What the rising auction clearance rate means for the market
Last week saw the Real Estate Institute of Victoria report a 73 per cent clearance rate for Victoria’s Sales and Auctions results, which marks both a significant bounce back from the fall that was seen in Victoria’s clearance rates in late 2018 when they fell to below 40 per cent (figures that were last seen in 2011).
Clearance rate declines in 2018 reflected a range of economic factors, but a significant influence was the shifting and stricter lending circumstances many bidders found themselves in. Without clear financing prior to auction, many buyers in 2018 relied on post-auction negotiations, which went some way in offsetting the record low clearance rates.
With last week’s return to seemingly healthy clearance rates, it’s easy to assume that the real estate market is showing signs of a strong return to the sort of growth last seen two years ago. However, two other factors help to keep these clearance rate figures in context: the length of time properties are remaining on the market and the number of properties on the market.
There were 464 recorded properties for sale last week in Victoria, which is down 34 per cent from this time last year when the figure sat at 706. Volumes are also expected to fall in Victoria this weekend, with the REIV predicting that approximately 380 properties will be available.
Today the Australian Prudential Regulation Authority (APRA) attempted to give the real estate market a boost by loosening lending restrictions. The regulator has scrapped the requirement of lenders, such as the big four banks, to satisfy a borrower serviceability assessment requirement that restricted lending only to those borrowers who could demonstrate an ability to pay back a loan at a 7 per cent interest rate.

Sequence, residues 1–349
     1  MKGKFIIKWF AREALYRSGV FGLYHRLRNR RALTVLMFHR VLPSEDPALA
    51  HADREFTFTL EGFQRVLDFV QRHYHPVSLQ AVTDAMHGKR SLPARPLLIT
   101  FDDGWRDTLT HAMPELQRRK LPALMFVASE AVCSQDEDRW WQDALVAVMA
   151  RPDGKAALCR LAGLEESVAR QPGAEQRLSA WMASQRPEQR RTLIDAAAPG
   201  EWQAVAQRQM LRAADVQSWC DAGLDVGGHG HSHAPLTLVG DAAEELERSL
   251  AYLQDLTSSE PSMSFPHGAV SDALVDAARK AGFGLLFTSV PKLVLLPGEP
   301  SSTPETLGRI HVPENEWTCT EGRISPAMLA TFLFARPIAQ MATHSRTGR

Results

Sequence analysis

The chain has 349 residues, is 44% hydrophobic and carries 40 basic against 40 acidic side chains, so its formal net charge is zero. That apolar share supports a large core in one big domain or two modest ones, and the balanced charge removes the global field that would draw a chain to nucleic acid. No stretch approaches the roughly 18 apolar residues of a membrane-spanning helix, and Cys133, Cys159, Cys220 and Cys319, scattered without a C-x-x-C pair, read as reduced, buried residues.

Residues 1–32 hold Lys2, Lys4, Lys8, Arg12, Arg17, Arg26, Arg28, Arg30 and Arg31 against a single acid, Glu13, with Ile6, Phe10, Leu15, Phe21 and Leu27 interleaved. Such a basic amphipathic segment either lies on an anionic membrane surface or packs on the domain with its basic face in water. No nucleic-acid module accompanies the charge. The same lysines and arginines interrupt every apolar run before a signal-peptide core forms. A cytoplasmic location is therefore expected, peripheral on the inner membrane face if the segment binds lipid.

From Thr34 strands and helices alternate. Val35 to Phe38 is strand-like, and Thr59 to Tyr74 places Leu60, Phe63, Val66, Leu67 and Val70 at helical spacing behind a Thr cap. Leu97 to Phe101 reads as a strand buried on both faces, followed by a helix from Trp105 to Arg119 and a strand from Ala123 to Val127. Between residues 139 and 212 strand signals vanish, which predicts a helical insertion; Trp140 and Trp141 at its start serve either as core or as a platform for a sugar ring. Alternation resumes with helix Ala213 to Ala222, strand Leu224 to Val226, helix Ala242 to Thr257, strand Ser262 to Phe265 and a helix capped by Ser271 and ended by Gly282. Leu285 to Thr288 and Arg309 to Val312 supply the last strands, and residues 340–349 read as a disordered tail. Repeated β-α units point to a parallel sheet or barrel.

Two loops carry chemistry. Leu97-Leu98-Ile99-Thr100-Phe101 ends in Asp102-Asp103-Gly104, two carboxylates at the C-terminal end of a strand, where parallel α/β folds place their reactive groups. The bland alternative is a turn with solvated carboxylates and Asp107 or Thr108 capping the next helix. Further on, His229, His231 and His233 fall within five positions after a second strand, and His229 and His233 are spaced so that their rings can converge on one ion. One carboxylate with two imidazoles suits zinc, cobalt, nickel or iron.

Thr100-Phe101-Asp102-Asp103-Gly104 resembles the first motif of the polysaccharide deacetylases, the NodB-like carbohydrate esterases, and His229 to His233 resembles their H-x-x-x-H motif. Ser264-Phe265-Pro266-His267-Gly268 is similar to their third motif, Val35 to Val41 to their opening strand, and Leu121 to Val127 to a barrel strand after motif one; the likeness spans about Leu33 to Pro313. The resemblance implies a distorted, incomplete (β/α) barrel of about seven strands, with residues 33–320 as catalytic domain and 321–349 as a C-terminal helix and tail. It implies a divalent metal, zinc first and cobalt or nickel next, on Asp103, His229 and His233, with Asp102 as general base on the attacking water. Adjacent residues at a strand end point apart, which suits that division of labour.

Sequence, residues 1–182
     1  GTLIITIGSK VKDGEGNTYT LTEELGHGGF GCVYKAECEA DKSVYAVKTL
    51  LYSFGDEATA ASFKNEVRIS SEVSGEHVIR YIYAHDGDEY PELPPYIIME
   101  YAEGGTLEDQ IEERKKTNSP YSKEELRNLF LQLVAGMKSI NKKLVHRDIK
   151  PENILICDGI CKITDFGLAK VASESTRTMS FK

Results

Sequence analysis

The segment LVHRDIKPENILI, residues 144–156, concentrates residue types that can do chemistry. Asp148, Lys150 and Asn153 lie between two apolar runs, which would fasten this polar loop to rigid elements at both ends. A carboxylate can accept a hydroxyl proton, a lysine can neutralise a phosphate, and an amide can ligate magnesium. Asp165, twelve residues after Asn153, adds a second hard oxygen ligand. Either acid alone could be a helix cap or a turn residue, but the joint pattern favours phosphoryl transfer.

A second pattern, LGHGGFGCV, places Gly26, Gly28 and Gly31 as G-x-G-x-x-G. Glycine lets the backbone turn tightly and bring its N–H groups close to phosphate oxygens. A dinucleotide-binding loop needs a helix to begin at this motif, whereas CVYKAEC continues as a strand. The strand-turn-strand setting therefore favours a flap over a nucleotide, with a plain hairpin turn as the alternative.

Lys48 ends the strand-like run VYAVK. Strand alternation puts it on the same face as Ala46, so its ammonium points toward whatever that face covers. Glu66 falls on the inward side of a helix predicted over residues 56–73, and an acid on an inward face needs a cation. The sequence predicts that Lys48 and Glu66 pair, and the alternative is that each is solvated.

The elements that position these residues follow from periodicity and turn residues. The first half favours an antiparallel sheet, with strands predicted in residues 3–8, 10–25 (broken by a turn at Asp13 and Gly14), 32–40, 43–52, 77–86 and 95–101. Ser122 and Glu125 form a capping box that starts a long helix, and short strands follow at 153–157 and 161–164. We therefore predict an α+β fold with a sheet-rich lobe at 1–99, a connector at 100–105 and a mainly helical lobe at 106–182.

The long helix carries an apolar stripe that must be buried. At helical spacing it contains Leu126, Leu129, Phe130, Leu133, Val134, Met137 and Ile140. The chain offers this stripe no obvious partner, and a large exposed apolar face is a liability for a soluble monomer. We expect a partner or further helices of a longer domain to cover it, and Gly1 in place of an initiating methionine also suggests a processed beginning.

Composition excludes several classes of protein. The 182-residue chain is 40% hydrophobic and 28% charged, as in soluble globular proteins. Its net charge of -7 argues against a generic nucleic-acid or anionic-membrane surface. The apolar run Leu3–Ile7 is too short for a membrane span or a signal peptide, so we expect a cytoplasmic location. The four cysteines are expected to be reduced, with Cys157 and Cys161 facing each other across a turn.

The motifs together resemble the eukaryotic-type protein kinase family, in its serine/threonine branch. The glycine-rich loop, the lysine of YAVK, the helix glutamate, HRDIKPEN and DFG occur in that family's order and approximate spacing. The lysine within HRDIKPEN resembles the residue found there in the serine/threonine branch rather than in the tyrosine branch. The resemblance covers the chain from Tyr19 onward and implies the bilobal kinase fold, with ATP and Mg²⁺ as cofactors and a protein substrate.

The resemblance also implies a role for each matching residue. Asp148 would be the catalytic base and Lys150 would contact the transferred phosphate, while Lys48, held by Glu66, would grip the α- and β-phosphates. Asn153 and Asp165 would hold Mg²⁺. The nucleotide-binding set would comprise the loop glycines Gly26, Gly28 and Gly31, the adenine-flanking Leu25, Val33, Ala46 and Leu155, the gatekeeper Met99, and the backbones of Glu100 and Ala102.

The move is a reflection of and response to the recent cash rate cut by the RBA to a historic low of 1.00 per cent. APRA’s loosening of lending requirements intends to allow borrowers to afford homes in higher price brackets and in turn give still declining dwelling values a boost. According to CoreLogic data, national dwelling values continue to fall, but the rate of decline slowed in May this year to 0.4 per cent, the smallest month-on-month decline seen since May 2018.
Yet this boost by APRA, cuts to the cash rate by the RBA (which were passed on by the big four banks in their own interest rates), and a continued slow down in the decline in dwelling values does not necessarily mean a sharp turnaround in dwelling values in 2019, as the volume of fresh listings (shown below) remains at a historical low.
The length of time that properties are sitting on the market also indicates that growth in activity and prices may remain sluggish for 2019.
By the end of June, Sydney homes were taking an average of 50 days to sell, compared to 33 days the same time last year. In Melbourne, homes took an average of 44 days to sell over the March quarter, compared to 29 days a year ago.
Claire and her husband Mark, who both work in finance and have been looking to sell their home in Melbourne’s southeastern suburb of Cheltenham say they are unsure of how best to read the market. Dwelling values in the area have declined nearly 15 per cent since this time last year.
“I’ve watched more houses being sold over the past several weeks,” says Claire. “But watching nearby homes being discounted or passed in over the last year has made us put on the breaks to some of our plans, at least until we see how things go in the lead up to Spring.”
Despite increased assurances from regulators and the potential for this to boost buyer confidence, it is this insecurity from vendors that may promise to keep any growth in house prices or market activity this year to a minimum.